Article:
Producing content at scale

Operating out of both their New York office and a newly built studio on the Universal lot in LA, the hundred-strong production team works together closely to create content across the business’s three arms. There is LXTV, for which they produce weekly tv shows along with teasers and promotional clips; Cozi TV, their retro station, which replays classics like Magnum P.I and Knight Rider and requires its own steady stream of commercials and promo clips; and Skycastle, NBC’s commercial production house, which produces content for clients such as 3M, Ford, and American Express, through their network of sales managers.

Mike Fernandes, NBCUniversal’s Post Production Operations Manager says the company’s content requirements are continually increasing: “We’re producing five shows a week, plus commercials, plus one offs and specials, and all those are happening simultaneously. It gets pretty crazy and it just seems to get bigger and bigger every year.

But to create that much content in a fast-moving industry with its ever-changing requirements and trends, innovation is critical to staying on top.


Constantly innovating

Consumers of media in 2017 have a seemingly insatiable appetite for content, meaning plenty of opportunities for NBCUniversal to capitalize on their content creation expertise. Mike is excited about the fast-moving nature of the media business, and proactively searches out new trends and opportunities.

“We're currently looking at 4k distribution and getting ready for the new broadcast standards. That’s going to blend a lot of online and broadcast capabilities together. It's moving much more towards an internet-network-based infrastructure and delivery which is interesting.”

As with most new technologies, the key is balance:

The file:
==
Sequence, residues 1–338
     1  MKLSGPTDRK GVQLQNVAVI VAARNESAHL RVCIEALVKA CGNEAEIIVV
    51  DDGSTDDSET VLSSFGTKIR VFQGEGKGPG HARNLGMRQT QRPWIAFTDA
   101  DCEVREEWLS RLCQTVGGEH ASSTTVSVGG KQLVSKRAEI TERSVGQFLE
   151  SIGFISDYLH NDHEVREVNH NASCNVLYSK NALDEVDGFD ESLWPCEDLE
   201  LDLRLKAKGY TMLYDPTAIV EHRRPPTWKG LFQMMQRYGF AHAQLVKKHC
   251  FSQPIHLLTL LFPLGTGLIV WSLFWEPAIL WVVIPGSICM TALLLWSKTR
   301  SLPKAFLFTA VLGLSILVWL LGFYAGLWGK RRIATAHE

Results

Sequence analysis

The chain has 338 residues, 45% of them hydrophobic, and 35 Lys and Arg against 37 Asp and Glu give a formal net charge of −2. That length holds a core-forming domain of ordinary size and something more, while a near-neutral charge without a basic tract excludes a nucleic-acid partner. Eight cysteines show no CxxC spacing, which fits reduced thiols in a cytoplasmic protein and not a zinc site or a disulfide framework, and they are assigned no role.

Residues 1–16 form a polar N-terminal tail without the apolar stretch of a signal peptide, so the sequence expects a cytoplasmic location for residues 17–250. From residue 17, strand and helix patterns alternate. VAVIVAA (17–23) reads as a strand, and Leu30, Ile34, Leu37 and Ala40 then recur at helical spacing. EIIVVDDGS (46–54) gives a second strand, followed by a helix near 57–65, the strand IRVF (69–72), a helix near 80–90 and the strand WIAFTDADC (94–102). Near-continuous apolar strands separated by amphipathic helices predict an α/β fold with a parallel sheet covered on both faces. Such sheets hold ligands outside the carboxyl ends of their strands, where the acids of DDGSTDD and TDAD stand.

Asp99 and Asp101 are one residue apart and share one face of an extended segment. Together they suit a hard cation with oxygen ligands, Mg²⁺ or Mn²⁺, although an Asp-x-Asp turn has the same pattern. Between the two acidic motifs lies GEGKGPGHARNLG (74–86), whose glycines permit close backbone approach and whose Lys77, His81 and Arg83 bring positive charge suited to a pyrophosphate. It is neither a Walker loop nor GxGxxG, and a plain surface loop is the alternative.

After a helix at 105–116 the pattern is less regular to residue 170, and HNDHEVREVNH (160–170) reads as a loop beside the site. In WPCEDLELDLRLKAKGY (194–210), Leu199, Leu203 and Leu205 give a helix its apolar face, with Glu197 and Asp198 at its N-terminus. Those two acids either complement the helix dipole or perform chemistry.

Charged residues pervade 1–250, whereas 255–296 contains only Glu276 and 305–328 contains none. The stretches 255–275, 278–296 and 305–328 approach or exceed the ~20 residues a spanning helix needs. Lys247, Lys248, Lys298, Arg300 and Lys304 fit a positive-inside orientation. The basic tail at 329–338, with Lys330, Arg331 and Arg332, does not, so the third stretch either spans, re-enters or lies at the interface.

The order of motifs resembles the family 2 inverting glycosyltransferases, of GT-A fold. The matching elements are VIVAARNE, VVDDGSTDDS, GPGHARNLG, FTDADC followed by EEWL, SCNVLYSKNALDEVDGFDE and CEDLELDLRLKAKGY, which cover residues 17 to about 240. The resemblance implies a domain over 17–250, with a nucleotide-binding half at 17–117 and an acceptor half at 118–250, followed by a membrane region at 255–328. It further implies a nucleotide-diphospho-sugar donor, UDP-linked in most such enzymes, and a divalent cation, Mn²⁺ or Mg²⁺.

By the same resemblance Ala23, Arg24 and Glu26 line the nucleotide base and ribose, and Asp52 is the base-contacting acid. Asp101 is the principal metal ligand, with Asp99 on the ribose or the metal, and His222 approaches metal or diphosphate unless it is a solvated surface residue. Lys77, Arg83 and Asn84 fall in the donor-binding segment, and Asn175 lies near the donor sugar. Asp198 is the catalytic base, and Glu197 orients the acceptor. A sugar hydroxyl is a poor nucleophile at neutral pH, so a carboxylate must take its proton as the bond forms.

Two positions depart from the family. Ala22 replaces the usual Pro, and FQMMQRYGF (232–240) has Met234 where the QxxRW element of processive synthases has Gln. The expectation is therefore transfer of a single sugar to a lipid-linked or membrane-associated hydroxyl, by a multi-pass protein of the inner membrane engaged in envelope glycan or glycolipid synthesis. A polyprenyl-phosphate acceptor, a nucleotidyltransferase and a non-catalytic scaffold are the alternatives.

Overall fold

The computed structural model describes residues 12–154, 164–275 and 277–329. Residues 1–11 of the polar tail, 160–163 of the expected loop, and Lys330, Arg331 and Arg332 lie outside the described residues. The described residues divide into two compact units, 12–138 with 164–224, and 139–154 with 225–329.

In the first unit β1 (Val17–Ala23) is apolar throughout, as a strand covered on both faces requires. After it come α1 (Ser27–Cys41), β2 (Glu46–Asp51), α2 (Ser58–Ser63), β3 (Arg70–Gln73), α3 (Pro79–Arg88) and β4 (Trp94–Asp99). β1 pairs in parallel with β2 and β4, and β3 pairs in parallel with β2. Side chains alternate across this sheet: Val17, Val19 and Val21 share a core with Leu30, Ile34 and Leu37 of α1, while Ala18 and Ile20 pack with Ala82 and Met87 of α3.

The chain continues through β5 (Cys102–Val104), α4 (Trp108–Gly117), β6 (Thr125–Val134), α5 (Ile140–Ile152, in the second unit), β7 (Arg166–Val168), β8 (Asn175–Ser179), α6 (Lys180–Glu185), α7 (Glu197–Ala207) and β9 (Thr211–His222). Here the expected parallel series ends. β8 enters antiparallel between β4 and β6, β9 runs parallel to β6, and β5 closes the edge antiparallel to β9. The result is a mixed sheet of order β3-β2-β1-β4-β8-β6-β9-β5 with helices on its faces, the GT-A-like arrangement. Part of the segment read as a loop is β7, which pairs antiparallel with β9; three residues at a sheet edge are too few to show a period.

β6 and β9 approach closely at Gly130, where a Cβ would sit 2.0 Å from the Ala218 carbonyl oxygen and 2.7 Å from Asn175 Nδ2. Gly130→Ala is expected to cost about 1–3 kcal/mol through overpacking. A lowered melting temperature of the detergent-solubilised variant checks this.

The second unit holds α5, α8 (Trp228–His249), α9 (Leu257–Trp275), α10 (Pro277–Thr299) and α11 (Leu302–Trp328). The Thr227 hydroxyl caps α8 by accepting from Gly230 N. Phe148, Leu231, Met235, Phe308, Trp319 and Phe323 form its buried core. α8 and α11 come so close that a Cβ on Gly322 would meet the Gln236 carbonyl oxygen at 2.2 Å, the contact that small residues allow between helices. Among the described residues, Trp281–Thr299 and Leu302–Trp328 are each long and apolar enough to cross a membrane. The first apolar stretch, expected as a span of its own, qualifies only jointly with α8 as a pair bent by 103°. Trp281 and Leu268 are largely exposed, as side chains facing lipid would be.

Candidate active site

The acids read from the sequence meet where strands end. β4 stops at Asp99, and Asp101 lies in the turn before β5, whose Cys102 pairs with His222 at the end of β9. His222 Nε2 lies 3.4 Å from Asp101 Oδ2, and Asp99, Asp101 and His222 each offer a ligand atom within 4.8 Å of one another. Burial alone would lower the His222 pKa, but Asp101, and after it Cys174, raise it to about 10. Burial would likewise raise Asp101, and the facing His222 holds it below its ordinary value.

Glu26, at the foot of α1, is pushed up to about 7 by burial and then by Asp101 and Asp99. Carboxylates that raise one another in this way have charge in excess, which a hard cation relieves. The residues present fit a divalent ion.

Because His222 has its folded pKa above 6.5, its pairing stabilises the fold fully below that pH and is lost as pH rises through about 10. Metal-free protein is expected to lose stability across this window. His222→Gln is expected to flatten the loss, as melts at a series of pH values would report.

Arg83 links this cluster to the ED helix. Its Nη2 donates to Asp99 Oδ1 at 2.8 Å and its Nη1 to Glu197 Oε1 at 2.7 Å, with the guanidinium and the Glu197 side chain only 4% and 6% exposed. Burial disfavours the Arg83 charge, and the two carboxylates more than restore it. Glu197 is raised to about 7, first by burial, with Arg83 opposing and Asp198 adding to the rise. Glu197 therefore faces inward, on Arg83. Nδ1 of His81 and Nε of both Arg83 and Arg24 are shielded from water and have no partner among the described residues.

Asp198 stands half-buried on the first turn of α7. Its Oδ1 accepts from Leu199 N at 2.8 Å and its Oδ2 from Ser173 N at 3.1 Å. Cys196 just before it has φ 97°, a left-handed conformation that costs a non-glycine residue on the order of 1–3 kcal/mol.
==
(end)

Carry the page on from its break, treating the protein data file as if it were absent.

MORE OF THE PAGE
“We've talked about dabbling with VR but we're not too sure about that yet. We don’t know how many people want to wear goggles on their face to watch a show. We’re always trying to stay on top of it but for us it's setting ourselves up so we have the ability to pivot really quickly with whatever direction that we think we want to go in. And then even pivot back if something doesn’t work out.”


The biggest challenge: communication

With this constant growth and never ending stream of content, a seamless workflow is imperative, and Mike and the production team understand that a major opportunity lies in the company’s ability to work together and remove the production bottlenecks of the past. When asked about the biggest challenge for producing and delivering content, Mike says, “it's always communication. It's always when does this need to be done by, who is it being done for, who needs to approve it, did they approve it? The people aspect of making anything is always the trickiest variable.”

When you're making 50–60 videos a month, with a team of 100, plus account managers and multiple clients, this is no small problem to be solved.

“We'll put everything through Wipster. Even locally, when the editor is sitting right next to their producer, we’ll still upload into Wipster so that the producer can review it whenever they are ready. Otherwise it takes a lot of time out for the editor to having to stop what they're doing just to sit and screen with the producer. It's going to be like Oh wait, I didn't hear that. Rewind it, do it again. Instead we can just provide a link and say ‘Watch it when you're ready and let me know’.


And with the newly built studio in LA, that communications bridge with the New York team, plus the need to bring in other contractors and freelancers seamlessly, is incredibly important. “We generally will start the projects out here and finish them in New York, because New York is where we keep the archive library. Everything kind of gets funneled back into New York in general.”

It’s a far cry from the previous methods. Mike says, “there was a lot of miscommunication. It was a lot of Dropbox links being sent back and forth for people to download and look at. You were getting timecode stamps from people that didn’t line up with the video you were looking at. You would miss marks and miss notes because you were like I think I got everything? Wipster really solved that problem for us and made it very easy to just watch the video along with your edit and be like Okay, this is the thing they wanted me to change.”

“So Wipster really freed up a lot of editors’ time. For the producer and client side, I think they enjoy being able to watch it whenever they are ready and knowing that they can really focus on giving good feedback. I also think they enjoy being able to do it their own way. They can watch the same piece over and over again without driving the editor crazy.”

A media company for the future

For NBCUniversal, a phenomenal opportunity lies in combining their heritage of almost a century of industry-leading content creation with the array of new platforms and software now available. A savvy approach to innovation, along with fine tuning their production workflow, will ensure they stay at the top for another hundred years.